Recently, I asked readers for some topics they'd like to see me blog on. I got lots of suggestions. I've written on two of them already. Today, I'll tackle a tough one, and briefly: Grief.
Grief is an experience and expression of great value lost. We can grieve the passing of a family member, a friend, a pet, or our youth. We can grieve the loss of a job, or a marriage, or the demise of a great business.
Grief, like most emotions, can be rational or irrational. It would make no sense to grieve the loss of a potato chip. And there are probably philosophical conditions for sensible grief. It makes sense for me to grieve the loss of people and animals I've known, in a way that it might not, regarding people and animals whose passing I rationally know must be happening around the world, but with whom I've never had contact. In one of his early movies, Woody Allen's character says something like, "If one guy is starving somewhere in the world, it puts a crimp in my day." And I get that. I feel a keen regret about the suffering and loss around the world that happens every day - at least, when I have the time to think about it. But my experience of that is not quite the same thing as grief.
Grief is personal. And it can be good. If a person or relationship or endeavor or hope has indeed been of great value, and of great value to you, it would make no sense to experience its loss without such an emotional recognition of its value. The stoic philosophers wanted to avoid any disturbing emotion, but, as I've pointed out in my book The Stoic Art of Living, in a discussion of Epictetus, they went too far. Epictetus even went so far as to think that on hearing of the death of your son or spouse, you should react exactly as you would if you had heard instead that someone else's son or spouse had died. And that makes no sense at all. It would signal a pathology, or emotional void that isn't properly human.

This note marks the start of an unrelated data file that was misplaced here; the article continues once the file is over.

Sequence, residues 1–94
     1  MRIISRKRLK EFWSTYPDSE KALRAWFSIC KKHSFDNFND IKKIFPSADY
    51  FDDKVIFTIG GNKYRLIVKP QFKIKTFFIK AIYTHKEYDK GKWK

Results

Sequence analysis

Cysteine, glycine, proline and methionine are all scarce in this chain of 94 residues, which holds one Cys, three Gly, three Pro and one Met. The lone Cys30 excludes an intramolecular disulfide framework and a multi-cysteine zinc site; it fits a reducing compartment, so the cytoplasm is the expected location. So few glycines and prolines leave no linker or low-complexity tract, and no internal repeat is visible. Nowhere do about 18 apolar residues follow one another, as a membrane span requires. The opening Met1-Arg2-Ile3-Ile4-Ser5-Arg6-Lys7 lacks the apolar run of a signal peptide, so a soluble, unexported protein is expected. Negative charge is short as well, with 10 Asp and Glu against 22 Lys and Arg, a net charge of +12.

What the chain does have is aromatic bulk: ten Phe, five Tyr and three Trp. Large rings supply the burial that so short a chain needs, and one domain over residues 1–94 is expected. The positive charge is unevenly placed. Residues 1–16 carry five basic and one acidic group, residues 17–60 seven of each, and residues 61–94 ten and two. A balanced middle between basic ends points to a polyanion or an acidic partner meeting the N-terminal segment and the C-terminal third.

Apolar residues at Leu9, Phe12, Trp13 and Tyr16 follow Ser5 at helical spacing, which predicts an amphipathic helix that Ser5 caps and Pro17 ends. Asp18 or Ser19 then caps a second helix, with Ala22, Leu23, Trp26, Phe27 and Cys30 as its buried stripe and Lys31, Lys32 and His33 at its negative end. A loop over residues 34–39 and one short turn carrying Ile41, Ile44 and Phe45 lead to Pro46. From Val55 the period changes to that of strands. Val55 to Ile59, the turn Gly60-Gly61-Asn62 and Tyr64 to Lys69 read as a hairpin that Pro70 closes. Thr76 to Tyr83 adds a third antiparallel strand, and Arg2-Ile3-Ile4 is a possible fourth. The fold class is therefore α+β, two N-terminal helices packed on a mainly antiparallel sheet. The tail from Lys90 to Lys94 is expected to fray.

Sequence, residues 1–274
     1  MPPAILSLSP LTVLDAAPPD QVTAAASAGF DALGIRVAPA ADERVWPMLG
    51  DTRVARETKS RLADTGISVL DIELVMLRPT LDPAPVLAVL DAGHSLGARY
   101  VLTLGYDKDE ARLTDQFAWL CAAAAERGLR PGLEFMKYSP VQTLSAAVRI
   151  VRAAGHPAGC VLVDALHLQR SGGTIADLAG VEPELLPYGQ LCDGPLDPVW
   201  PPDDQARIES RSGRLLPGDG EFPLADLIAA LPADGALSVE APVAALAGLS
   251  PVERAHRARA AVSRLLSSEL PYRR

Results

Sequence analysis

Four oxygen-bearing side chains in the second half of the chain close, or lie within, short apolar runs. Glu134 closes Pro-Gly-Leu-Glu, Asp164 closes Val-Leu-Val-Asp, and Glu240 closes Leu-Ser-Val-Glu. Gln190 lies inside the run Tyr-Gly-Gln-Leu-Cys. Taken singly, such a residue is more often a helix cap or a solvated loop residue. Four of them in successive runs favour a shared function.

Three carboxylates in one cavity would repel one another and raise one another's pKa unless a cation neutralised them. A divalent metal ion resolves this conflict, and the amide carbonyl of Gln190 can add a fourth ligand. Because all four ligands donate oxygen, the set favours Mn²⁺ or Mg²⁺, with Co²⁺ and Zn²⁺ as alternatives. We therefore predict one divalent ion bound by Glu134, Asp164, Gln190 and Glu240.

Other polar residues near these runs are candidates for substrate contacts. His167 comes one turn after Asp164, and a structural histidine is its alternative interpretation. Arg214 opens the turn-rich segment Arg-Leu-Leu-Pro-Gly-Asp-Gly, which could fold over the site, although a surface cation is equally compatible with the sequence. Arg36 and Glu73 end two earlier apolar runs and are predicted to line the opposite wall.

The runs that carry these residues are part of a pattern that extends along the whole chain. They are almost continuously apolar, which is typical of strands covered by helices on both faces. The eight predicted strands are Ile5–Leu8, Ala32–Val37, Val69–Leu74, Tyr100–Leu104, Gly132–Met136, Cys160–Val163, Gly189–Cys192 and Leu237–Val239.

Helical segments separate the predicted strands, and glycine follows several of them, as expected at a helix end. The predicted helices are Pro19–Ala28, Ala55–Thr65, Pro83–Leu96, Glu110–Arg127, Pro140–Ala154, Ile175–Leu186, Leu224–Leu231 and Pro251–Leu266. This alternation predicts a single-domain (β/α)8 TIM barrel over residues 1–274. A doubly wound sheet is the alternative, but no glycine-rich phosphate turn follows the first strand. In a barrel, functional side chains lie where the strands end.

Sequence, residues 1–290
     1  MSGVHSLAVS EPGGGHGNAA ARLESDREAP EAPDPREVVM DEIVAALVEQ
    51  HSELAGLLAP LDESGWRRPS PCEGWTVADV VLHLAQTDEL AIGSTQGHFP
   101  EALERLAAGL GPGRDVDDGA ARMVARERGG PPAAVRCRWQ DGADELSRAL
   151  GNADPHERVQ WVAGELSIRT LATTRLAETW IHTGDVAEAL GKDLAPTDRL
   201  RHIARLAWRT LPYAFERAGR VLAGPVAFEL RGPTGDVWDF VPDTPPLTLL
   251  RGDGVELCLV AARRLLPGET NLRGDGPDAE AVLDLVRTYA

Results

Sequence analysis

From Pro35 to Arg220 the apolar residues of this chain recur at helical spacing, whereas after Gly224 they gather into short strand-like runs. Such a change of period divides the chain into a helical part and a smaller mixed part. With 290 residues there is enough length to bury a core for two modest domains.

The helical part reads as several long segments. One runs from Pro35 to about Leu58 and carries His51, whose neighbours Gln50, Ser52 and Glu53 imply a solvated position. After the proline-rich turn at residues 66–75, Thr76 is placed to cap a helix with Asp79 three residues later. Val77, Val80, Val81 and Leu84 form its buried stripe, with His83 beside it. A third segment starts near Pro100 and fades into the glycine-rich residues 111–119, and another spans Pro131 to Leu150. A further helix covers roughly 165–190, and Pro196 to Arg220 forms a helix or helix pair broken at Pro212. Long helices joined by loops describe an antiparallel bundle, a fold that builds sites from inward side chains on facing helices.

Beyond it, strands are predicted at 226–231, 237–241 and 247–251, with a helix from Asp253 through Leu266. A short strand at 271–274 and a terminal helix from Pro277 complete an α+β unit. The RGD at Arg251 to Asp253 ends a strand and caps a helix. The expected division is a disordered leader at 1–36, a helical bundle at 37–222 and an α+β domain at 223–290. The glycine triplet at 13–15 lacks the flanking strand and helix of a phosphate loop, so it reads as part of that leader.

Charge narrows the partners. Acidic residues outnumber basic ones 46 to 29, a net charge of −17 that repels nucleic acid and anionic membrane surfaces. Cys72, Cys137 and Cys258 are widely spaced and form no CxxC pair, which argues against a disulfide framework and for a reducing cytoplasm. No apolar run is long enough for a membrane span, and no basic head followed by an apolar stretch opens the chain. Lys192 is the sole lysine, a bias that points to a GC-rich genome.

But what Aristotle said about anger is also appropriate concerning grief. In order to evaluate its experience in our lives, he urged us to ask questions like: For whom? On account of what? How intense? And for how long? As a philosopher I believe that things and people can have objective value. And I think they can also have subjective value, which constitutes the manner and degree with which we place value on them. Part of rational living is to acknowledge anything that has objective value with a subjective response proportionate to it. Of course, we can value personal possessions, or a tree in the backyard, with our own special subjectivity, tracking the history we have with such things, and our subjective response can in such cases go far beyond any question of objective value, but when there is high objective value, or an appropriately elevated subjective value, grief is an altogether appropriate response to loss.
But grief must have limits, in order to be good - limits of both intensity and duration. In order to honor the high value of something or someone who has been lost, we don't have to inflict on ourselves the other great losses that would result from being totally overwhelmed and shut down for a long period of time by overly intense or prolonged grief. We have a responsibility to ourselves and those who remain around us to be as strong as we can, and make efforts to stay on the path that life has provided us, remembering that, despite any loss, there are many gains and even joys that can await us, and be brought to others by us, if we can regain our equilibrium.
No one promised us that life would be easy and without loss. In fact, as great philosophers have understood, we need difficulty and loss to refine us and goad us to grow into the full maturity that life can afford us.
To know good grief is to know a part of that growth.